You Mean It’s Work?

My least-favorite type of writer is this one, and I’m sorry to be the mean one to say it, but it’s true. There are many of them in the world, and I never stop being frustrated by them. It’s the people who, when they put their work up and you critique it say:

“This isn’t supposed to be work.”

Hold on there, Hemmingway. Take a step back and say that again. This isn’t supposed to be work? So, what? You just think something up, slap it down on the page, and it’s an instant masterpiece? Right. Because Michelangelo just decided to be a painter one day and the Sistine Chapel happened. He didn’t spend his entire life dedicated to his craft or anything, right?

Personally, I think this type of person is worse than that aunt or cousin who thinks you should quit writing and get a real job. At least they have the excuse of not being a writer. They don’t know how much we work our butts off to hone our craft and accomplish our goals.

For some reason writing has this stigma attached to it, like it’s different from the rest of the arts. No one thinks you can learn violin over night and become Lindsay Stirling in a week. And if they do they learn otherwise in the first few notes. The same thing with painting. You can figure out you’re not Rembrandt by sticking a paintbrush in some paint and slapping it onto canvas with the precision of a four-year-old eating spaghetti and know you aren’t a painter pretty quickly. Maybe it’s because words on a page look like words on a page, and if you don’t know what you’re looking at it isn’t as obvious (sometimes) as the fact that your painting looks more like the floor after a frat party than it does your Aunt Gladys.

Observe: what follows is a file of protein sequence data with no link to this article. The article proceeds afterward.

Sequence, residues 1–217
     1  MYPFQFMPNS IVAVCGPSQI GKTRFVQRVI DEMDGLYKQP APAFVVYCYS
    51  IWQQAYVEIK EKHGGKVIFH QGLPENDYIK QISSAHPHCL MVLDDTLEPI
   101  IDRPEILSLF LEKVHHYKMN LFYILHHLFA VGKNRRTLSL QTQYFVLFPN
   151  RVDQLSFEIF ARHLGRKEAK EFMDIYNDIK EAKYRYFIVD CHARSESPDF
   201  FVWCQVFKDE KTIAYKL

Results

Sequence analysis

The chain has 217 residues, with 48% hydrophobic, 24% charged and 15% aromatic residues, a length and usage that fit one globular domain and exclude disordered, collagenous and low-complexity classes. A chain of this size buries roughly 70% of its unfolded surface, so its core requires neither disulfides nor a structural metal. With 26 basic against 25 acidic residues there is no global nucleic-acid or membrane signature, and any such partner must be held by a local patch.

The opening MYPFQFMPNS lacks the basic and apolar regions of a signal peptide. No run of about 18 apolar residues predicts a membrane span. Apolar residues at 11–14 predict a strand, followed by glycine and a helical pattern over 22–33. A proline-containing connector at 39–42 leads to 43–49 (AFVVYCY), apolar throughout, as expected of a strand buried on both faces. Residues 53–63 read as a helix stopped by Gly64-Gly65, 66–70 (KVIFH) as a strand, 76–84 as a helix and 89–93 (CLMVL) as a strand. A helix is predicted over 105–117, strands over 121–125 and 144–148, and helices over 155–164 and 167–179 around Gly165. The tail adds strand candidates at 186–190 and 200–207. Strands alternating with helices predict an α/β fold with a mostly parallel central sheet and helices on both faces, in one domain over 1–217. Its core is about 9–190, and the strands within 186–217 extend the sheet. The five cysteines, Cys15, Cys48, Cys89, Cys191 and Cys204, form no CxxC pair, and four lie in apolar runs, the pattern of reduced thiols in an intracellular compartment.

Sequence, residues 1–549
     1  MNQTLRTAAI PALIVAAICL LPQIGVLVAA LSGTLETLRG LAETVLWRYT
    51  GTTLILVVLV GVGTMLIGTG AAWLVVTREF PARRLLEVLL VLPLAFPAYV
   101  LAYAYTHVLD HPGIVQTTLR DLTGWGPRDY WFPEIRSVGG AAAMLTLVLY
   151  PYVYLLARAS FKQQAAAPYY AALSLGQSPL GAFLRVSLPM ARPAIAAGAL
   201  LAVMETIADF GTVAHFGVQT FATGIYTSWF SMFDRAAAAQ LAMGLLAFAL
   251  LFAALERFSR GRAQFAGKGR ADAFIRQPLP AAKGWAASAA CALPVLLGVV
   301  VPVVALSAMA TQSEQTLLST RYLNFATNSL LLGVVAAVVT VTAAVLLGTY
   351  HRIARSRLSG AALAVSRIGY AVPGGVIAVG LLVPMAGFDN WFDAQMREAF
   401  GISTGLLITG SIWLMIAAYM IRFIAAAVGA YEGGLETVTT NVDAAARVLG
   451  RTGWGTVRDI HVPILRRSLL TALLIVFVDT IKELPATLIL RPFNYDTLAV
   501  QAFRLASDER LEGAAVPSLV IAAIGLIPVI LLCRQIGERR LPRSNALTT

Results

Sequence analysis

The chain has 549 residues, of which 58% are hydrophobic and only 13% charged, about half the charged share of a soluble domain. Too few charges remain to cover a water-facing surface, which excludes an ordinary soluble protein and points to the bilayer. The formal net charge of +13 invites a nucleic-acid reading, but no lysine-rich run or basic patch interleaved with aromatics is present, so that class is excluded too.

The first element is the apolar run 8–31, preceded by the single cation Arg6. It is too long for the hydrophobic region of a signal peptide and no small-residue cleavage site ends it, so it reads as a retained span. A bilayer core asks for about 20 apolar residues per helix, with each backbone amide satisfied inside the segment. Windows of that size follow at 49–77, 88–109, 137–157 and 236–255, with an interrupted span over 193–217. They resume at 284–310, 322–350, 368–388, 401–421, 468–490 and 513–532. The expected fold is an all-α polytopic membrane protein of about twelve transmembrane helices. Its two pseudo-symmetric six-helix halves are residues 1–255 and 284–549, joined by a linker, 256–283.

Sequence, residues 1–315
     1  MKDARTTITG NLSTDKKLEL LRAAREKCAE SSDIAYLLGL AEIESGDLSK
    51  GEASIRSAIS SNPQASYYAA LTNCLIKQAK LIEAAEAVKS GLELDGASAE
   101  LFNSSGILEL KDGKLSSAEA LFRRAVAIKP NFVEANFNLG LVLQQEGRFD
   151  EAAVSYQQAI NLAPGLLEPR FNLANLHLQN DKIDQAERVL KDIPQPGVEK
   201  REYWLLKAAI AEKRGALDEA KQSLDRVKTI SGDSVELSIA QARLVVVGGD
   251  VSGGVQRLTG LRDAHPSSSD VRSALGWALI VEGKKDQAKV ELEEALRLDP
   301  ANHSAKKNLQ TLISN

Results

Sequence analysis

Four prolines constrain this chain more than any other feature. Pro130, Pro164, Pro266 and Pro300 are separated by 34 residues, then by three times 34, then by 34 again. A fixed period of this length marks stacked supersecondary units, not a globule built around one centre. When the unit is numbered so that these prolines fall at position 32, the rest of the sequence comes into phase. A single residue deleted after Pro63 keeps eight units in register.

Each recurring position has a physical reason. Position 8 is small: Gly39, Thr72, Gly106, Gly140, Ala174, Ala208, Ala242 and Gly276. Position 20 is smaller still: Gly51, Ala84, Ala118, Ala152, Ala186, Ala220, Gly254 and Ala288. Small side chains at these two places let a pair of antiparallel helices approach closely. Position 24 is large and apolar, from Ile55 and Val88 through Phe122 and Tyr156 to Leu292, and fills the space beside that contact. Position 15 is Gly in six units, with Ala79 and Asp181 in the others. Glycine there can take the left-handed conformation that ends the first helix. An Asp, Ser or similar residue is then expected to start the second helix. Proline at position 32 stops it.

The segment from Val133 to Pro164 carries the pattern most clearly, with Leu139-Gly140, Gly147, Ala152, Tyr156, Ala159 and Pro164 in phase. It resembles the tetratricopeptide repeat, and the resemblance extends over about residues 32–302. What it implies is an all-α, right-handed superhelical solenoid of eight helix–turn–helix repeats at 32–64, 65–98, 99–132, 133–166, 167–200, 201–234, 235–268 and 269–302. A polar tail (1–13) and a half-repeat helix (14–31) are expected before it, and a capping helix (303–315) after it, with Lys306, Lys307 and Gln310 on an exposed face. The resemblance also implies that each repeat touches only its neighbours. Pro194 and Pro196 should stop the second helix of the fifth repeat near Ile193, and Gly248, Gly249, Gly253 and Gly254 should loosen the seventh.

We’ve all had those friends in our lives who write Godawful poetry and ask us to read it. We are expected to smile and nod because it’s an expression of their twisted, suffering SOUL. It breeds this feeling that you can’t tell someone their writing would be improved by judicious application of gasoline and matches. Believe me, sometimes you need to be told that. You also sometimes need to say it.

Writing is work. It’s long hours of grueling, frustrating, BORING work. If you are trying to make writing your profession you need to pull up your boots and wade in because it will require the same dedication that any job or collegiate-level education will demand. Your long hours in front of your computer pounding away keys are your freshman 101 classes. Then you hit your senior year when you realize you have to make something coherent out of that mess.

I have spent hundreds of hours on the manuscript I’m working on. I wrote it in a furious rush during NaNoWriMo 2013 and have been polishing and ironing out the kinks since then. It takes that long? Yeah. Yeah, it can. You know why? Because it’s work.

I don’t say this to the detriment of folks who write as a hobby. Hobbyists are doing it for fun. They may be exceptionally talented, and may even be good writers, but they are doing it for fun. Professionals are different. Professionals are expected to be… well… professional. We can’t just slap down awfulness and be satisfied with it because that isn’t who we are.

Those who don’t want to put in the time, blood, sweat, and tears to become strong writers aren’t going to cut it as professionals. They’ll be mediocre hacks for the rest of their lives whose time is better served doing something else.

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